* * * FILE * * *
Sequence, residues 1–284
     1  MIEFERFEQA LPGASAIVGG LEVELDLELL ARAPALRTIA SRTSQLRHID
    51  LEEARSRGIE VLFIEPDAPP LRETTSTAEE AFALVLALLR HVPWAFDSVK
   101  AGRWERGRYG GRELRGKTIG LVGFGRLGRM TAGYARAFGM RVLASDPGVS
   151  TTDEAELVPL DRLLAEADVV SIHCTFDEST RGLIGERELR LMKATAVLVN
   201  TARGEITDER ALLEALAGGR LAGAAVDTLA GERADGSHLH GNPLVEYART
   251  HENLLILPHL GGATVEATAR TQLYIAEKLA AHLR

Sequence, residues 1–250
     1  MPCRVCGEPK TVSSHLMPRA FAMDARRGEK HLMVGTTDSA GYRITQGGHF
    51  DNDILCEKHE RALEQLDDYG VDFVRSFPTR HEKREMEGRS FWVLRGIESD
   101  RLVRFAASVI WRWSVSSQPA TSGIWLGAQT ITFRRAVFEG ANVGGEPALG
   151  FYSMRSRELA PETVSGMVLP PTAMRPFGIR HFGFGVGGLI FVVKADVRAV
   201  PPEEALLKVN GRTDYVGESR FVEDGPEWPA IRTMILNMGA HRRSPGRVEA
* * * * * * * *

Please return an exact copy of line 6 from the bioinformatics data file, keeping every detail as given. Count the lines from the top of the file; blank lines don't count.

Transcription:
   201  TARGEITDER ALLEALAGGR LAGAAVDTLA GERADGSHLH GNPLVEYART